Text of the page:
In this series of cases, we simultaneously had technical difficulty of an endovascular approach of TASC C and D lesions and the attempt to do this procedure with an intravascular contrast different than the usual. Our group already had the experience with the use of CO2 in TASC A and B lesions with good results. Therefore aiming to investigate the possibility of a wider use for CO2, we sought to establish the effectiveness of CO2 in patients with femoropopliteal TASC C and D lesions, initially in patients who presented with no contraindication to ICM, as if the complementation with iodine was necessary, it would not be problematic.

Our results showed that the use of CO2 in TASC C and D lesions needed iodine complementation in most of the cases (nine out of ten). The extension of the arterial lesions was the factor that most contributed to the need for iodine supplementation due to the difficulty to visualize the refill after a long arterial occlusion.

Although there are reports of complications with the use of intra-arterial CO2,(14) in our series no adverse events that could be related to this particular contrast media were observed, corroborating with other larger series previously published.(15) The use of CO2 manual injection without the need for pumps or injection systems is considered safe(16) and makes its use more affordable and easily reproducible.

In this series we observed that in the cases that we could not achieve technical success, this fact was related to the anatomy of the arterial lesions and technical difficulties, rather than to the type of contrast, as even with the iodine complementation we could not achieve technical success in four cases.

Despite the fact that the observer’s evaluation had a greater amount of good/fair notes, during the intraoperative period, the surgical team decided to use iodine supplementation in most of the cases to finish the procedures satisfactorily. Perhaps with the gain of experience in these complex cases, the procedures could be finished without iodine supplementation, as well as with the use of CO2 in TASC A and TASC B lesions.

In previous studies of our group, the gain of experience with the use of CO2 enabled us to understand that the injection of CO2 through catheters positioned more distally in the arteries, closer to the target lesion, allowed acquisition of superior quality images, but in TASC C and D lesions this technique did not dismiss the supplementation with ICM in most of the cases.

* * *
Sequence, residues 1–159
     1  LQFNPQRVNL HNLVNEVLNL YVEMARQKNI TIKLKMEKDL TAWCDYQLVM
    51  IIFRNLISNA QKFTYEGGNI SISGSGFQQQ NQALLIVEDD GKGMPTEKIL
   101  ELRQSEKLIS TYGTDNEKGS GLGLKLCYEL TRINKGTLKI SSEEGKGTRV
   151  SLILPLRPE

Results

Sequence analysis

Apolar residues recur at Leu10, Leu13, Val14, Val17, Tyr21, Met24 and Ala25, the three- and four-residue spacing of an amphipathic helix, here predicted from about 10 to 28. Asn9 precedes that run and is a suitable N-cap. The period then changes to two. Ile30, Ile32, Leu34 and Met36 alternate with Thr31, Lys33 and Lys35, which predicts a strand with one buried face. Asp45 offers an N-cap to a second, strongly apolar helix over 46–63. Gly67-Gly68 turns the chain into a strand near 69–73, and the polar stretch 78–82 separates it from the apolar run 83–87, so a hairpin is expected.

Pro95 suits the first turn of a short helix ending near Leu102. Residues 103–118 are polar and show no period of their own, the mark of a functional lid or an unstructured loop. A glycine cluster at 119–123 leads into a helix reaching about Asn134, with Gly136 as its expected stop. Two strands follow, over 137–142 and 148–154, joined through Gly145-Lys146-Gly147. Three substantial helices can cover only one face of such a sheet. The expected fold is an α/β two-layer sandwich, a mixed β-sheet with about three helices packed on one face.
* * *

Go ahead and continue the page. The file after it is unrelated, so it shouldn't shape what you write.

The scores attributed by both observers constitute a descriptive approach rather than an analytical approach and therefore are a limitation of our study.

In our study, seven patients showed an increase in creatinine clearance values in the postoperative period compared to the preoperative values. This improvement in renal function may be attributed to Intensive Care Unit support and postoperative fluid therapy, but some authors suggest that CO2 may have a renal protective effect. Criado et al.(8) reported that CO2 reduced contrast-induced nephropathy in patients who underwent endovascular repair of abdominal aortic aneurysm. Future studies with larger sample sizes are required to confirm the protective renal effect of CO2, even in patients with normal renal function.

We believe that CO2 can be an alternative in the treatment of TASC C and D lesions, because although the supplementation with iodine is commonly necessary and even expected, the burden of nephrotoxicity may be diminished, as its volume could be lowered. Aiming to decrease allergic reactions and potential nephrotoxicity in high-risk patients, the use of CO2 should be stimulated. The CO2 technique should work as a therapeutic weapon for vascular surgeons so they have the possibility of choosing the best contrast option for each patient at each moment of the procedures, instead of being limited to the use of only one type of contrast.


The use of CO2 in patients with TASC C and D lesions with no restriction for iodine contrast medium was an alternative that did not dismiss the need of iodine supplementation in most of the cases, but could decrease the potential nephrotoxicity of iodine contrast medium by the reduction of its volume in this group of high-risk patients for open revascularization surgery that continues to be a challenge for endovascular surgeons.


This work has been supported by Ministério da Saúde of Brazil.


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Received: February 25, 2016; Accepted: May 24, 2016

Corresponding author: Juliana Maria Fukuda – Avenida Albert Einstein, 627/701, building A1, 4th floor, room 423 – Morumbi – Zip code: 05652-900 – São Paulo, SP, Brazil – Phone: (55 11) 2151-5423 E-mail:

Conflict of interest: none.